North Korea carries out powerful new nuclear test
search
Magnitude 6.3 tremor -- larger than any previous test

North Korea carries out powerful new nuclear test

Move comes just hours after Pyongyang claims to have developed a hydrogen bomb that could be loaded into a long-range missile

This file photo taken on August 9, 2017, shows pedestrians walking past a huge screen in Tokyo displaying news footage of North Korean leader Kim Jong-Un. (AFP PHOTO / Kazuhiro NOGI)
This file photo taken on August 9, 2017, shows pedestrians walking past a huge screen in Tokyo displaying news footage of North Korean leader Kim Jong-Un. (AFP PHOTO / Kazuhiro NOGI)

SEOUL, South Korea (AFP) — North Korea appeared to carry out a sixth nuclear test Sunday, possibly of a hydrogen bomb more powerful than any device it has previously detonated, presenting President Donald Trump with an unprecedented challenge.

Monitors measured a 6.3-magnitude tremor near its main testing site, which South Korean experts reportedly said was nearly 10 times more powerful than the 10-kiloton test carried out a year ago.

The explosion came just hours after the North claimed to have developed a hydrogen bomb that could be loaded onto the country’s new intercontinental ballistic missile.

Hydrogen bombs or H-bombs — also known as thermonuclear devices — are far more powerful than the relatively simple atomic weapons the North was believed to have tested so far.

In this undated image distributed on Sunday, September 3, 2017, by the North Korean government, shows North Korean leader Kim Jong Un at an undisclosed location. North Korea’s state media on Sunday, Sept 3, 2017, said Kim inspected the loading of a hydrogen bomb into a new intercontinental ballistic missile (Korean Central News Agency/Korea News Service via AP)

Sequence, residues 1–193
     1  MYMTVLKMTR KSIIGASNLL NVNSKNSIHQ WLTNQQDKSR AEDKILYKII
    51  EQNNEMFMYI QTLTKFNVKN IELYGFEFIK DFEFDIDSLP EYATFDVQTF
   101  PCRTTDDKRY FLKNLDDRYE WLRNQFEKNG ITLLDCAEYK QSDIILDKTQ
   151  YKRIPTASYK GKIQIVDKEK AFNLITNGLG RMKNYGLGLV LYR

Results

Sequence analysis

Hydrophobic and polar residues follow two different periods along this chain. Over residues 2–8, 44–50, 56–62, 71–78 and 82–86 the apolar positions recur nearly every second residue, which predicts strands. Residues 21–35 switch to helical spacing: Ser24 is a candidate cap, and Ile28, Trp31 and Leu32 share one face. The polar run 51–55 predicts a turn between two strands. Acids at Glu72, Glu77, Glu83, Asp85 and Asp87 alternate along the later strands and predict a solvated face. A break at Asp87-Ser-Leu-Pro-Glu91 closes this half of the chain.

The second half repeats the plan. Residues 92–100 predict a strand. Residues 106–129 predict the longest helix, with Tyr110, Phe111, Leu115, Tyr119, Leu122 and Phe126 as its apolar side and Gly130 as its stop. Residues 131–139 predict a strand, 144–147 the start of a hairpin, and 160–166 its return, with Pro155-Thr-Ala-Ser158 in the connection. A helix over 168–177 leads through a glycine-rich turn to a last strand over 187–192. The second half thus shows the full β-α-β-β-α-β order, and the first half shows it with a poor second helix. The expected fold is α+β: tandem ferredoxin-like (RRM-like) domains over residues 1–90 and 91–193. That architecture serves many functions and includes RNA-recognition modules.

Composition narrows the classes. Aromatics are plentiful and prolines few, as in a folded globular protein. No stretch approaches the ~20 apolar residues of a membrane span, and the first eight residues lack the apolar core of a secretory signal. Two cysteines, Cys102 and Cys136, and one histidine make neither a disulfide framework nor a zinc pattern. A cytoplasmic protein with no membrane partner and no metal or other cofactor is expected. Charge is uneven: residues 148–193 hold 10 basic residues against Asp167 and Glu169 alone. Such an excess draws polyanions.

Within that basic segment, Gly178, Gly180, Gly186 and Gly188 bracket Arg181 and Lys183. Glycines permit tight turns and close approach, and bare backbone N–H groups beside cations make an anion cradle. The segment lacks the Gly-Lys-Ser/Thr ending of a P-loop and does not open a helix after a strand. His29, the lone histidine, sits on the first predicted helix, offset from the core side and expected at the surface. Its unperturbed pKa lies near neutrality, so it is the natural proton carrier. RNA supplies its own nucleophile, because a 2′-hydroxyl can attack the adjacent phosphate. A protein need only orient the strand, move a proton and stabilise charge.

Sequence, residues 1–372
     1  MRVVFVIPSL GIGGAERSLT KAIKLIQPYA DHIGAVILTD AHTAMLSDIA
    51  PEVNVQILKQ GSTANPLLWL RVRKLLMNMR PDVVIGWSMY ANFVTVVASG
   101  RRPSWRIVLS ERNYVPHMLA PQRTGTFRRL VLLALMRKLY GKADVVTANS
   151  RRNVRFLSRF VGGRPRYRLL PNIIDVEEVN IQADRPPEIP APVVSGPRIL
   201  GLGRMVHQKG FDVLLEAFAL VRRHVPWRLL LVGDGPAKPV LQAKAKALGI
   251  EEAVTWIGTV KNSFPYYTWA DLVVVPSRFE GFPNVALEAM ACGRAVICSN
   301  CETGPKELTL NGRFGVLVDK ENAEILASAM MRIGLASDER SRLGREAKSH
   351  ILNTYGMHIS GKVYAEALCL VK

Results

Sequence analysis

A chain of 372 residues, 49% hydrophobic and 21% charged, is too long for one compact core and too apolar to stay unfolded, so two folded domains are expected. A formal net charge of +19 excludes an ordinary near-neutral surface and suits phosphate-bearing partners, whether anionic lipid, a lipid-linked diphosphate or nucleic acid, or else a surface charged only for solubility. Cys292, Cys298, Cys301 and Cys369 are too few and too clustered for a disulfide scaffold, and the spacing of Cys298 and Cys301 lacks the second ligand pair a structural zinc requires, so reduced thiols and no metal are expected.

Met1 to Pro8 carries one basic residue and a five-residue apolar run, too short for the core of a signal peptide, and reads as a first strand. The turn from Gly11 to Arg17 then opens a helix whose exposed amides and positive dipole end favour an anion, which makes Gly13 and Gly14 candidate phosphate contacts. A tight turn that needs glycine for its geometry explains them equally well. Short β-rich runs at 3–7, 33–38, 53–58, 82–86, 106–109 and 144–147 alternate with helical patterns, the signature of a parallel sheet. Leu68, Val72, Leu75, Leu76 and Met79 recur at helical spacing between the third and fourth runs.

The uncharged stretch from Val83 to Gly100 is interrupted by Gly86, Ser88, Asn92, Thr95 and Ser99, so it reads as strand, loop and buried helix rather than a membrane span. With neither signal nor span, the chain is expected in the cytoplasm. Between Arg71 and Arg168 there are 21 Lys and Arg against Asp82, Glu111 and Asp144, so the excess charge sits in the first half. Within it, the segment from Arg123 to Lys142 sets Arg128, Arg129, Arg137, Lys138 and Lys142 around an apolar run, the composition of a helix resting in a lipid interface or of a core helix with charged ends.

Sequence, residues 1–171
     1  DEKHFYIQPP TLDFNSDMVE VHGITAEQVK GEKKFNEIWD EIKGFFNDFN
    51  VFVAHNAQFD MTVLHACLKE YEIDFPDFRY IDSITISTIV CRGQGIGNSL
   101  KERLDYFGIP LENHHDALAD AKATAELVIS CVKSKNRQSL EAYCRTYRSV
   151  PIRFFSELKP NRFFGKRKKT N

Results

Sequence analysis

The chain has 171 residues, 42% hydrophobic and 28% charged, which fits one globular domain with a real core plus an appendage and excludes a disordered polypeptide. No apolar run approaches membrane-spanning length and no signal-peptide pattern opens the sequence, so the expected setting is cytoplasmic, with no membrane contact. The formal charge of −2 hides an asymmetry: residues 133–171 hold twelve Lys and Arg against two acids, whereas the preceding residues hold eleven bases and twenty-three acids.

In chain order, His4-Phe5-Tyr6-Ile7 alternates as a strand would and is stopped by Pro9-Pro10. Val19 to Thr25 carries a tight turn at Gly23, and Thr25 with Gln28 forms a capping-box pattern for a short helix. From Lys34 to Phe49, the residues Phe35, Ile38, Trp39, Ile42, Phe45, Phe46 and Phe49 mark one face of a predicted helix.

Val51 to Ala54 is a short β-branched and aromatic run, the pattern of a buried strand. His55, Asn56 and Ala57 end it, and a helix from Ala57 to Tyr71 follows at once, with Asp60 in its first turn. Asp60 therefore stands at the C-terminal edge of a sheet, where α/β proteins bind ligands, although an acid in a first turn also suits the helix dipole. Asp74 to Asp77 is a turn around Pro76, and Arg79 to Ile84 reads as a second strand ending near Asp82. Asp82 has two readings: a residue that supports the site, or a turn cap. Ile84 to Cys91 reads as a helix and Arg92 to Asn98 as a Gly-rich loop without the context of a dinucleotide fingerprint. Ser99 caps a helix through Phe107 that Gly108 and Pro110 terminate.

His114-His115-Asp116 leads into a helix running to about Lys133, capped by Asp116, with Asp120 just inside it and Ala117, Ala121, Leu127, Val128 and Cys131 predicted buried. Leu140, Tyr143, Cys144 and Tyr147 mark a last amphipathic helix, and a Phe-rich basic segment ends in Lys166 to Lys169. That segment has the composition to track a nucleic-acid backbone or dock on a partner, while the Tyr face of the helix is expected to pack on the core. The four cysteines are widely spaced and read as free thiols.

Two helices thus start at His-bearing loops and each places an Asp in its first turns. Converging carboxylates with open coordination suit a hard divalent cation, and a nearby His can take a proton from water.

Analysts’ initial estimates of the yield from Sunday’s test varied, ranging from 100 kilotons up to one megaton.

Either way, said Jeffrey Lewis of the armscontrolwonk website on Twitter, it was “a staged thermonuclear weapon” which represents a significant advance in its weapons program.

Chinese monitors said they had detected a second quake shortly afterwards of 4.6 magnitude that could be due to a “collapse (cave in)”, suggesting the rock over the underground blast had given way.

Pyongyang has long sought the means to deliver an atomic warhead to the United States, its sworn enemy. A new test would be certain to infuriate Washington, Tokyo, Seoul, Beijing and others.

Tokyo said the tremor was a nuclear blast, which Japanese Prime Minister Shinzo Abe had said would be “absolutely unacceptable.”

South Korean President Moon Jae-In summoned the National Security Council for an emergency meeting and Seoul’s military raised its alert level.

Pyongyang triggered a new ramping up of tensions in July, when it carried out two successful tests of an ICBM, the Hwasong-14, which apparently brought much of the US mainland within range.

It has since threatened to send a salvo of rockets towards the US territory of Guam, and last week fired a missile over Japan and into the Pacific, the first time time it has ever acknowledged doing so.

A South Korean man watches TV news showing file footage of North Korea's nuclear test at the Seoul train station in Seoul, South Korea, Tuesday, Feb. 12 (photo credit: AP /Lee Jin-man)
A South Korean man watches TV news showing file footage of North Korea’s nuclear test at the Seoul train station in Seoul, South Korea, Tuesday, Feb. 12, 2013 (photo credit: AP /Lee Jin-man)

US President Donald Trump has warned Pyongyang that it faces “fire and fury”, and that Washington’s weapons are “locked and loaded”.

Analysts believe Pyongyang has been developing its weapons to give it a stronger hand in any negotiations with the US.